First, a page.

Most Dutch street food is comfort food – frite (French fries), poffertje (mini pancakes) and bitterballen (battered and fried meatballs) to name a few – with the exception of pickled herring (not sure many people find comfort in raw fish topped with chopped onions and pickles!). My personal favorite in the Netherlands is stroopwafel.
Literally meaning “syrup waffle”, this treat consists of a thin layer of caramel syrup sandwiched between a waffle-like cookie split in half. Stroopwafel are believed to have originated in the Dutch town of Gouda (also known for its cheese) in the 18th century when bakers combined leftover crumbs and spices with syrup. Meant to be eaten with coffee or tea, place a stroopwafel over your hot beverage so that the steam warms the cookie and softens the syrup for an extra gooey effect, plus it will keep your drink from getting cold too quickly.
Now stroopwafel can be found packaged at cafes, grocery stores and even served by some airlines as an in-flight snack. And while it’s nice that they’ve become more mainstream, commercially prepared stroopwafel are not the same as the ones made before your eyes in the Netherlands (which especially warm the core when accompanied by a hot beverage on a gray, drizzly day – as I can personally attest to). So the next best thing was to try to make them fresh at home.
I scoured recipes to find one closest to the stroopwafel I had in the Netherlands and that could be made using a pizzelle iron (you can also use a waffle cone maker or shallow waffle maker, the standard ones are too deep and will not work). The dough was a little on the dense side and slightly flattening the balls before putting them in the iron seemed to help. Practice makes perfect because the last stroopwafel of the batch turned out so much better than the first, and overall the result was as sinful as I remembered it to be! So in honor of my blog’s 4th anniversary here is the recipe for your baking pleasure. Talk about a sweet way to kick off Boarding Pass’ 5th year. :)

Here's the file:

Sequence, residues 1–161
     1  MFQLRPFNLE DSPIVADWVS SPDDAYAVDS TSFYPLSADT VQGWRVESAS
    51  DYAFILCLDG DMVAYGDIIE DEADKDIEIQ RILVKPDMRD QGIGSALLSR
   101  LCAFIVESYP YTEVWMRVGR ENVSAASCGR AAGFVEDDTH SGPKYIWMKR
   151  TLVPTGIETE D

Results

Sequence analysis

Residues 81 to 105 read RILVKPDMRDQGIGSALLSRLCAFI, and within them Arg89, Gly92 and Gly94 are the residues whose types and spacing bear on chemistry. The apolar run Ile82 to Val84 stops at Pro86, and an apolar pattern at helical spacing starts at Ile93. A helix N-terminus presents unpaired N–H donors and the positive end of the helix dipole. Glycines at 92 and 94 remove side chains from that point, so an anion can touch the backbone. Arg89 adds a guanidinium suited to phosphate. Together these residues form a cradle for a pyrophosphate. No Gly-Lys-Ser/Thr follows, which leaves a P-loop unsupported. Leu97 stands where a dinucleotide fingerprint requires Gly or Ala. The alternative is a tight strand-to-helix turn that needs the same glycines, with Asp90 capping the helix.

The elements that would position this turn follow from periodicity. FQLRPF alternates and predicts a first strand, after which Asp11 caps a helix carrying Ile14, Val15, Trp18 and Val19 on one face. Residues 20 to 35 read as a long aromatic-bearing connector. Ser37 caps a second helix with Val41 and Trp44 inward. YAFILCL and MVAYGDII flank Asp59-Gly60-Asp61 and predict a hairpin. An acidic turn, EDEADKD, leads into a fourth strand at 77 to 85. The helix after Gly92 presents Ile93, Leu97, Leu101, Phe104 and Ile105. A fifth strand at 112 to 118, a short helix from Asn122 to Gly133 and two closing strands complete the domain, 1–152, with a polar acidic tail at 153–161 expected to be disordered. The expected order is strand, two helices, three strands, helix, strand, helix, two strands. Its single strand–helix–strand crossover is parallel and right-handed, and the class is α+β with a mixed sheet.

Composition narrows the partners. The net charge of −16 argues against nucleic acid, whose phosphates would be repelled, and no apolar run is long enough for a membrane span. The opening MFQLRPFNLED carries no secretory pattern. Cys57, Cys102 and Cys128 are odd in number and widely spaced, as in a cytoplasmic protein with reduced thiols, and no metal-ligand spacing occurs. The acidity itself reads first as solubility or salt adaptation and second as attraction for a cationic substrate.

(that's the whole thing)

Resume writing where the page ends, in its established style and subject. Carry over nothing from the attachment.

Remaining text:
Makes 20 cookies
For the dough:
4 1/2 cup of all-purpose flour
2 teaspoons of active dry yeast
1 teaspoon of cinnamon
3/4 cup of sugar
1/2 cup unsalted butter at room temperature
Pinch of salt
For the filling:
1 cup of sugar
6 tablespoons of unsalted butter cut into chunks
1/2 cup of heavy whipping cream
1/4 cup of water
1 teaspoon of vanilla extract (optional)
- In a bowl combine the flour, yeast, cinnamon and sugar. Cut in the butter using an electric mixer until the mixture resembles small pellets.
- Slowly pour in 1/2 cup warm water and allow the dough to star to come together, then add the eggs one at a time followed by a pinch of salt. Continue to knead the dough for a few more minutes until it forms a solid ball.
- Cover the dough and let rest for 30 minutes.
- To make the filling, combine the sugar and water in a saucepan over medium-high heat. Stir to help the sugar dissolve but stop stirring when it comes to a boil.
- When the sugar begins to take on a dark amber color add the butter, which will cause the mixture to foam up and thicken. Whisk until the butter has melted and take the pan off the heat.
- Add the cream and vanilla (if using) and to whisk to incorporate. The mixture will foam up again. Continue to whisk until the caramel sauce is smooth.
- Let cool in the pan for a couple of minutes and then pour into a heat-proof container to allow the caramel to cool to room temperature before using. (Note: Don’t worry if the sauce is too thin at first as it will thicken as it cools.)
- Divide the dough into 20 equal sized pieces and roll into balls. Cover the dough balls with a damp kitchen towel so that they don’t dry out. (Note: If you want to be exact you can weigh the dough on a food scale and divide into balls accordingly.)
- Heat waffle or pizzelle iron and place one dough ball in the middle. Press down the cover and allow to bake until golden brown.
- Remove the cookie from the iron and lay it on a flat surface. Cover with a pot holder or kitchen towel and slice horizontally through the middle using a sharp non-serrated knife. (Note: You will need to work fast as the cookie will only be pliable until it cools.)
- Place a generous sized dollop of caramel in the middle of one half of the cookie and top with the other half, gently pushing down so that the caramel spreads. If desired, use a large round cookie cutter to cut any uneven edges.
- Carefully pick up the finished cookie and place it on a rack to completely cool. Repeat with remaining dough balls.
- Serve cookies at room temperature over a hot a beverage or heat in the microwave for 10 second and enjoy!